Yogi Adityanath’s rhetoric was not just playing on stereotypes, it was also reductionist

On the one hand, BJP flaunts labharthi politics as blind to identity; in the other, it holds a dog whistle.

Speaking at Kushinagar Sunday, Uttar Pradesh Chief Minister Yogi Adityanath reiterated a prominent BJP theme — that while earlier ruling dispensations limited themselves to the politics of caste, faith, region and language, in the Modi government, the poor, women and youth are beneficiaries of schemes, “bina bhed bhaav (without discrimination)”. Now “vikas” or development, he said, is “har tabke ke liye (for every section)”. He chanted the familiar slogan: “Sabka saath, sabka vikas, sabka vishwas”. And then, switching to his own government’s record in UP since 2017, the CM said: “Ration sabko mil raha hai? … tab toh abbajaan kehne wale rashan hazam kar jaate the (is everybody getting their share of food rations? … Before 2017, those who called their father abba jaan would monopolise it”. That latter comment was crude Muslim-baiting that ill behoves a chief minister. It seemed to fit in easily with the tone and tenor of some of the CM’s other remarks in Kushinagar, where he spoke of “tushtikaran” or the politics of appeasement in loose terms, sweeping into its fold a wide array of separate and specific ills — “dange… bhrashtachaar… atyachaar… aatankvaad… arajakta… anyay (riots, corruption, oppression, terrorism, anarchy, injustice)”. And yet, the “abbajaan” slur, as much as it seems part of the BJP and Yogi’s dog-whistle politics, runs counter to the other BJP message that Yogi underlined — the Modi government’s “labharthi (beneficiary)” politics.

The fundamental promise of the government’s labharthi politics is this: That development includes and encompasses all, regardless of their caste or religion. And that it singles out for special treatment only the poor. The JAM trinity (Jan Dhan, Aadhaar, Mobile) is about a number — not a first or last name. So whenever the BJP is accused of majoritarianism, its best defence has been that the development schemes that its governments promote and implement, at the Centre and in the states, from Ujjwala to PM Kisan, from scholarships for the poor to free or subsidised housing for the needy, are non-discriminatory and blind to religious differences, that they count in all communities as beneficiaries. And yet the CM, six months before elections, paints a brutish zero-sum game, in which “they” take away benefits meant for “us.”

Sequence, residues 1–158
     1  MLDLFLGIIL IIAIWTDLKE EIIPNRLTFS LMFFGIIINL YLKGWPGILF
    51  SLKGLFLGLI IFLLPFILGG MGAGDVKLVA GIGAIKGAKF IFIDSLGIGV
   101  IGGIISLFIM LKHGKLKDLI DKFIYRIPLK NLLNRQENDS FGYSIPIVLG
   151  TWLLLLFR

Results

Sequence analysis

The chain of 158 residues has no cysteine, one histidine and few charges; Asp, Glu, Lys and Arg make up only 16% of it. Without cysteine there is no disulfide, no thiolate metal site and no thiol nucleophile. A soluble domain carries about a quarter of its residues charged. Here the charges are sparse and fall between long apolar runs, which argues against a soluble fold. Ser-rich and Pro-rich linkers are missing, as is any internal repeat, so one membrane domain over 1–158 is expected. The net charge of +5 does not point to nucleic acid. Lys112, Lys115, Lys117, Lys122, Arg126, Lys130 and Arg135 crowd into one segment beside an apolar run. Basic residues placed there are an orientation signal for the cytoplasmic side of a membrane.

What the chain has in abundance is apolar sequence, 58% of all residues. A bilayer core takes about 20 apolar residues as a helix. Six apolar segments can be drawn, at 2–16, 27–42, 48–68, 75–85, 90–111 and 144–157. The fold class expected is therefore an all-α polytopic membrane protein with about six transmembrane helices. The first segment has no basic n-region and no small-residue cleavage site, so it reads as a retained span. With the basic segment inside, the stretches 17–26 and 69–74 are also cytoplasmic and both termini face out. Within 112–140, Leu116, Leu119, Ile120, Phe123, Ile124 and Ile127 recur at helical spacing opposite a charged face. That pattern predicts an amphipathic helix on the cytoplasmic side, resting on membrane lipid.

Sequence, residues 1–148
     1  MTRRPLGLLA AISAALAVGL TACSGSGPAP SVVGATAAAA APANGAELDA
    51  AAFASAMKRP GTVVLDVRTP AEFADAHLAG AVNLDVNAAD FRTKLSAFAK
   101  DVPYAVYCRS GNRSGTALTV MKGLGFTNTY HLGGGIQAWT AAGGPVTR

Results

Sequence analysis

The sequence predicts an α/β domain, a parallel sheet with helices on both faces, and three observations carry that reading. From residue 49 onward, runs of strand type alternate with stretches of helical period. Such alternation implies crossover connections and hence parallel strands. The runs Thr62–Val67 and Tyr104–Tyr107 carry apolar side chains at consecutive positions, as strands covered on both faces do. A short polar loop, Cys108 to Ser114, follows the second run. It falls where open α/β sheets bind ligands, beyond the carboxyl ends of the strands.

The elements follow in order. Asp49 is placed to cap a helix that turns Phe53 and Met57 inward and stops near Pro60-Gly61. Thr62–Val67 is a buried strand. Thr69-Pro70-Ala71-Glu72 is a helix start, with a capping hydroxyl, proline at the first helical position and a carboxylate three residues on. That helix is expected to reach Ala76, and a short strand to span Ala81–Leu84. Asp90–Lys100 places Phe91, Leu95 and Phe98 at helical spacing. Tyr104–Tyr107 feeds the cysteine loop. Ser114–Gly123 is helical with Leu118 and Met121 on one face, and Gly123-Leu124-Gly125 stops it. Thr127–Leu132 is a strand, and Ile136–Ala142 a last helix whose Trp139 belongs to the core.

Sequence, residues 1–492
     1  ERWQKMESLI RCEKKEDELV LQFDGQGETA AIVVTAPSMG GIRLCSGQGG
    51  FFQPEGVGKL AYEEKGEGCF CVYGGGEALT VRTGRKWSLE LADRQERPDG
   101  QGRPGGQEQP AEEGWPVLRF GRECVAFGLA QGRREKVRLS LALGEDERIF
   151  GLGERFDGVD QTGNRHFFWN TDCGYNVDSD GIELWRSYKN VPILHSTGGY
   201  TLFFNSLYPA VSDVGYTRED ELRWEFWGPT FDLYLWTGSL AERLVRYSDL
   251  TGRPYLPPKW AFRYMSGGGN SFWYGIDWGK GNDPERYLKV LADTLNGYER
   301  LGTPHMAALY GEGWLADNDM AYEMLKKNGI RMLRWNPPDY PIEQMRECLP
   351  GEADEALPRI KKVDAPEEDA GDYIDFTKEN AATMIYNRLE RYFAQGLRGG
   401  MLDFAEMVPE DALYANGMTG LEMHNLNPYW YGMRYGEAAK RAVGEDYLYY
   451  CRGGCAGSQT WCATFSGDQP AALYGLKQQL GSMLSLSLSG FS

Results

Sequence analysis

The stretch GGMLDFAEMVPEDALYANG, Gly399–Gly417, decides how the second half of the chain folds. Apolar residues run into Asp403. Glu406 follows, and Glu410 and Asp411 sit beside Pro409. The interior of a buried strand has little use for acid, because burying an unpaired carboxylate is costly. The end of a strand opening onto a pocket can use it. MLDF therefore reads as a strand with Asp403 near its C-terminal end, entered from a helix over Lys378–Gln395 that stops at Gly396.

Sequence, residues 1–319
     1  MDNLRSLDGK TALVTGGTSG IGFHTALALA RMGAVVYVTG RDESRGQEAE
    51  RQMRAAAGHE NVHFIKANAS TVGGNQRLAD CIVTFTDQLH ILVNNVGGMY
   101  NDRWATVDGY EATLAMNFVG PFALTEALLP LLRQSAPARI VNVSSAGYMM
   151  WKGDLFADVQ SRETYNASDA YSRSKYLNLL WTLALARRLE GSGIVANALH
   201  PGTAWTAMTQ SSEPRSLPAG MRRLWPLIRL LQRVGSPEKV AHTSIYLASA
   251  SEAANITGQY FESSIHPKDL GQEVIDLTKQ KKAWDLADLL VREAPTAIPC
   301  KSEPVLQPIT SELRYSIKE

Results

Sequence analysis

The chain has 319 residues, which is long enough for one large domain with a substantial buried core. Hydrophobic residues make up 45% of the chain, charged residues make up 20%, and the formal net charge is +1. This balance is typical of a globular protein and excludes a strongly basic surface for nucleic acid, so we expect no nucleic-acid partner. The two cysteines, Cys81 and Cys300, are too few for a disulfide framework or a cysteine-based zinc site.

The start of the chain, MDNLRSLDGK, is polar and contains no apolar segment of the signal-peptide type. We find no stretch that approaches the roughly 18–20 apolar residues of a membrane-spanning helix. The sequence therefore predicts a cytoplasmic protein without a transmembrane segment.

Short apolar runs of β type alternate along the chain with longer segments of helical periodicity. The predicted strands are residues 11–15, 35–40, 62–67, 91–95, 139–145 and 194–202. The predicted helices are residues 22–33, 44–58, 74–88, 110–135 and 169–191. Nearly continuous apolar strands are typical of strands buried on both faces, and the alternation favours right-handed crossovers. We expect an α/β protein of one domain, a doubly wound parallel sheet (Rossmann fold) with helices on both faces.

Of course, the “abbajaan” slur also makes a claim visibly belied on the ground. In this country, the Muslim minority continues to lag behind the rest of the population on most development indices. The “politics of appeasement” that the BJP lavishly accuses its political opponents of practising while in power has been mostly effete and gestural, largely by-passing and leaving unchanged their economic concerns and quotidian well-being. Moreover, the UP CM’s rhetoric was not just playing on stereotypes, it was also reductionist: It seems not to acknowledge that the “citizen” is more than the “beneficiary” of government patronage. Both the BJP and its chief minister need to recognise that the real challenge for a ruling party and government is to accord all individuals the freedom, equality and the enabling environment that helps them exercise to the fullest their rights of citizenship.

This editorial first appeared in the print edition on September 15, 2021 under the title ‘JAM & Abba Jaan’.

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